SKR Lighting Design were tasked with providing dramatic yet sympathetic and practical lighting to illuminate ‘Castle Mound’ in Oxford, on which defences were built in 1071AD for William the Conqueror. Whilst the castle itself is no longer there, Castle Mound itself is a considerable structure: 64ft high and 81ft in diameter, with a well chamber 20ft below the surface added to the top of the mound in the thirteenth century.

The mound needed to be lit on a practical level to illuminate its paths to the summit, but also to provide an attractive and intriguing presentation of the mound visible from a distance. Impact on the surrounding environment and energy efficiency also had to be considered, as well as due consideration given to the age and Grade-1-listed status of the monument.

We worked closely with architects, archaeologists, and the local heritage authority to decide on a design. We illuminated the meandering pathways using colour changing floor washers – practical but striking. The existing lighting to the trees on the mound was replaced with colour-changing and energy-efficient light sources.

The end result is a beautiful celebration of an ancient landmark, without negative impact on the surrounding cityscape.

Smithfield Square is a community at the heart of Dublin 7. Created as a bustling cultural quarter, Smithfield Square is a vibrant area on Dublin’s northside. Right on the Luas Line, the square boasts high-end apartments as well as commercial property.

As a large historic market square space in Central Dublin, the brief was to provide general illumination and create a landmark. Neil skinner help develop custom designed 25m tall special masts. Included within the mast were ceremonial gas flame burners and high output narrow beam projectors, mounted in a linear arms 5m above the ground which project up to the reflective sails above. These magnificent sails are 3m square and are used to reflect the light softly across the space.

Newcastle Civic Centre is a central landmark at the heart of Newcastle upon Tyne, it’s a modern cutting edge construction with the lighting design to match. Flooded with colour changing high output projectors, the concrete façade appears to be immersed in colour. The nearby water reservoir adds to the magic of the night scene with reflections of the lighting projections. The Civic Centre is a true modern classic with a touch of colour to that’s fit for any occasion and can be appreciated from across the city.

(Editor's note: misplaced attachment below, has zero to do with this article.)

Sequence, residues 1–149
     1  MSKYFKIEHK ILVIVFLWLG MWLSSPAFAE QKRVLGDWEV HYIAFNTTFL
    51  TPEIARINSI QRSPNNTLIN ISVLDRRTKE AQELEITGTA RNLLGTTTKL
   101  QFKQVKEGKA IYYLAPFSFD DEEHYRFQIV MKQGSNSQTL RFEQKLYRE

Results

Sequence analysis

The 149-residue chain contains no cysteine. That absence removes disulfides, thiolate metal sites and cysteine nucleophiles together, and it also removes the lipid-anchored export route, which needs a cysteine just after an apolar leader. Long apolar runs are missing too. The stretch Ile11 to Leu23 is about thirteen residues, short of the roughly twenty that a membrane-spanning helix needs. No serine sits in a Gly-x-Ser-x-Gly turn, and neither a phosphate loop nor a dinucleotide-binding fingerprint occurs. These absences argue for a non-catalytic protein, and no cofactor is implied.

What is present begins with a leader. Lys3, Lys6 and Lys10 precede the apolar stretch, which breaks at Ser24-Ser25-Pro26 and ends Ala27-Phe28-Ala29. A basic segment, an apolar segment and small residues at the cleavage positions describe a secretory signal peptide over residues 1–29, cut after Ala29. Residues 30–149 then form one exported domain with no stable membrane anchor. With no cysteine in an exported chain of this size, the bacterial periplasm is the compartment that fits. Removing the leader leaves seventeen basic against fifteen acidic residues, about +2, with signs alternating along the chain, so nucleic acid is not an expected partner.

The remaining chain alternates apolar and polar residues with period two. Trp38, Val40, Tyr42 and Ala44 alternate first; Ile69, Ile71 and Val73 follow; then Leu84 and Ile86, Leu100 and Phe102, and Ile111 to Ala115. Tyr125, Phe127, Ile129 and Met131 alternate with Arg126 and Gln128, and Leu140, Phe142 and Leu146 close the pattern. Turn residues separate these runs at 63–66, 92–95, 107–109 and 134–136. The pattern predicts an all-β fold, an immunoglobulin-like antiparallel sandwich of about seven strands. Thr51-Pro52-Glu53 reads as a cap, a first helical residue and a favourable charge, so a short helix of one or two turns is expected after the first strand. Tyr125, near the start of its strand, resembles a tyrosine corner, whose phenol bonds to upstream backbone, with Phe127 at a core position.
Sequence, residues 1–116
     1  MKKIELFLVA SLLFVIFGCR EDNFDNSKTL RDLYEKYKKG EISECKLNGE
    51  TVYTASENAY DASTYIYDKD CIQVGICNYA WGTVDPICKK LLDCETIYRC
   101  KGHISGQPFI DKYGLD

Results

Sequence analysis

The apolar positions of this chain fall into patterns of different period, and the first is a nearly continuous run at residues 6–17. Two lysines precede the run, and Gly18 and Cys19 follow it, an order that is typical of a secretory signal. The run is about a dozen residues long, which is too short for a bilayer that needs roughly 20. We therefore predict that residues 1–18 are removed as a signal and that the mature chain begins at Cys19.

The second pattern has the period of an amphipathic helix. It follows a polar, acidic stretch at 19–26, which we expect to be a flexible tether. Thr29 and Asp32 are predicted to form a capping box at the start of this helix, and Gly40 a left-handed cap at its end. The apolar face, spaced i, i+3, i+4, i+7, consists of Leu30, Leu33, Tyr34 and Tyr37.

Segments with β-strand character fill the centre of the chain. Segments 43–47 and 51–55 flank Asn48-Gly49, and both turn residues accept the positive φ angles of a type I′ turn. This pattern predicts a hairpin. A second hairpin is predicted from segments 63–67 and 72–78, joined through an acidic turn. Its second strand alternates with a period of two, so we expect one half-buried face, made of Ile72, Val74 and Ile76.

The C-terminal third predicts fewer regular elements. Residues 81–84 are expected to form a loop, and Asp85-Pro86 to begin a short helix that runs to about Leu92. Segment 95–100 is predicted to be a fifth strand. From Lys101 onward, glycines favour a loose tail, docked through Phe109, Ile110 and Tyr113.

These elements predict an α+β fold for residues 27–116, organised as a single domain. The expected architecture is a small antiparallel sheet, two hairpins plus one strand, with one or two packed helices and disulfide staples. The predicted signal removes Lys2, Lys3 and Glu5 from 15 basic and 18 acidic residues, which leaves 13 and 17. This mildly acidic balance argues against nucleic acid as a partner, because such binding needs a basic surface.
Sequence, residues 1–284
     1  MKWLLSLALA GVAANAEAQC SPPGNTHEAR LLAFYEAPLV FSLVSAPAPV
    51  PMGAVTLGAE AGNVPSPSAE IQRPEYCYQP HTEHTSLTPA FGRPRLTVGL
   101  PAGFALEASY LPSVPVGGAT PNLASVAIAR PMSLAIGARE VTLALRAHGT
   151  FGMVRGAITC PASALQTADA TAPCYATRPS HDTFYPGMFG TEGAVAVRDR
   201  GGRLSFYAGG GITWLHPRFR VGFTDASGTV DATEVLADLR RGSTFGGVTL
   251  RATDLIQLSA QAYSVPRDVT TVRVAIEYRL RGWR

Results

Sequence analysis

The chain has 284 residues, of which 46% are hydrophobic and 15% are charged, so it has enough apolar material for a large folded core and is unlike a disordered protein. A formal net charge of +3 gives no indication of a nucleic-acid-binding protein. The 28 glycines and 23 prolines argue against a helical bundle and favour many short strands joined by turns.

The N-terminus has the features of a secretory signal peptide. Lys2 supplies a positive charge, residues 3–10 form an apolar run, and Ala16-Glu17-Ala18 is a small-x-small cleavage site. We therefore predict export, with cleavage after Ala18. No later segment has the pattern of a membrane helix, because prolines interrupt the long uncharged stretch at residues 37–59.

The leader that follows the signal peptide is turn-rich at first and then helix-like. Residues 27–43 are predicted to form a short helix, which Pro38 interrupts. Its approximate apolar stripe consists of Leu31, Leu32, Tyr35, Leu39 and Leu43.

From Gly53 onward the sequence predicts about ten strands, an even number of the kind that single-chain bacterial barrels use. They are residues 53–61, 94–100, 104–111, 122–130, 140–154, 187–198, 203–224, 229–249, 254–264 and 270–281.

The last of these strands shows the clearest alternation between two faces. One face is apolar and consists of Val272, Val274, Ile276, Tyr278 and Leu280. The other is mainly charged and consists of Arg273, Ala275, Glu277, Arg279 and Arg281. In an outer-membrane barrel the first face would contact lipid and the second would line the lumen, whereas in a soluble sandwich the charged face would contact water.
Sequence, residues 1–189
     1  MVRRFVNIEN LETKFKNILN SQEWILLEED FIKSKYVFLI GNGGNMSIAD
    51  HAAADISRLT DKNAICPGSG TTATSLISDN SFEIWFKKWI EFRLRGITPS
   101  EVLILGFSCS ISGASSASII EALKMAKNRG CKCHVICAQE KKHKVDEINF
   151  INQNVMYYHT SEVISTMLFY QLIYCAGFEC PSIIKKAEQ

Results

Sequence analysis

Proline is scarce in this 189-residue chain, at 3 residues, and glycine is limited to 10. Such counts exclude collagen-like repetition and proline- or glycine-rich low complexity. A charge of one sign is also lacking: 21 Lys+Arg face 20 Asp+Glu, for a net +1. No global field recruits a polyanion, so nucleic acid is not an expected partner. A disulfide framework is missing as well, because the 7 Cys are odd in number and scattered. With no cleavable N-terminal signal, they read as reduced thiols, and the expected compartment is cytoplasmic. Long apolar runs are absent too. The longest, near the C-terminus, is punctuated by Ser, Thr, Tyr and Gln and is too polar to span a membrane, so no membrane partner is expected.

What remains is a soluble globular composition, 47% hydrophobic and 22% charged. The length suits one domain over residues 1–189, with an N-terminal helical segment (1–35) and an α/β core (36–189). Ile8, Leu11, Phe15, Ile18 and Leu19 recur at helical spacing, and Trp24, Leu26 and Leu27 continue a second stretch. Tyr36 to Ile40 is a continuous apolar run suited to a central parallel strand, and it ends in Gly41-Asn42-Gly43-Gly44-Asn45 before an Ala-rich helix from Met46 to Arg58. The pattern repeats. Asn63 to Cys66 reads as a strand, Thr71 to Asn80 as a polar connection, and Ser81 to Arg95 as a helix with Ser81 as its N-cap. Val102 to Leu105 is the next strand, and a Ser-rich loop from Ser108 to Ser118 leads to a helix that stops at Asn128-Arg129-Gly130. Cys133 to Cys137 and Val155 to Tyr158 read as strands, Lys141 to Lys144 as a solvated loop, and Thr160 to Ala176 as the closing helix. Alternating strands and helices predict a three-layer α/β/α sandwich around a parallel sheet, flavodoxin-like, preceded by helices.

The Rows at Chester are a unique series of two tired and mostly black and white half-timbered buildings joined with long galleries used as shopping arcades. They consist of covered walkways at the first floor behind which are entrances to shops while at street level is another set of shops and other premises. Rows were built in the four main streets leading out from Chester Cross.

Dating from the medieval era, the Rows may have been built on top of rubble remaining from the ruins of Roman buildings, but their origin is still subject to speculation. Today the premises on the street and Row levels are used for a variety of purposes; most are shops, but there are also offices, restaurants, cafés, and meeting rooms. Chester Rows are one of the city’s main tourist attractions.

Project Lighting Designer Neil Skinner whilst at LDP/Lightmatters

The Mary McAleese Boyne Valley Bridge is a cable-stayed bridge in County Meath, and County LouthIreland.[1] It spans the Boyne River 3 kilometres (1.9 mi) west of Drogheda on the county boundary between County Meath and County Louth and is part of the M1 Northern Motorway. When it opened in June 2003, it was the longest cable-stayed bridge in Ireland until 19 October 2009, when the River Suir Bridge opened on the M25. The bridge was built from 2000 to 2003.

A landmark lighting project on the M1 motorway from Dublin to Belfast, at a total length of 300meters long and a height of 80meters. This monumental project required high-level attention to detail throughout the process. Continual coordination between all parties ensured that the lighting project delivered, whilst respecting all highway codes. Precise cool white custom engineered projectors with additional glare control and specially selected blue colour filters were used to wash the structure and create a beacon within the night landscape. The actual road lighting was also specially design and configured, with blue light sources to match the architectural lighting of the bridge structure.

Project Lighting Designer Neil Skinner whilst at LDP/Lightmatters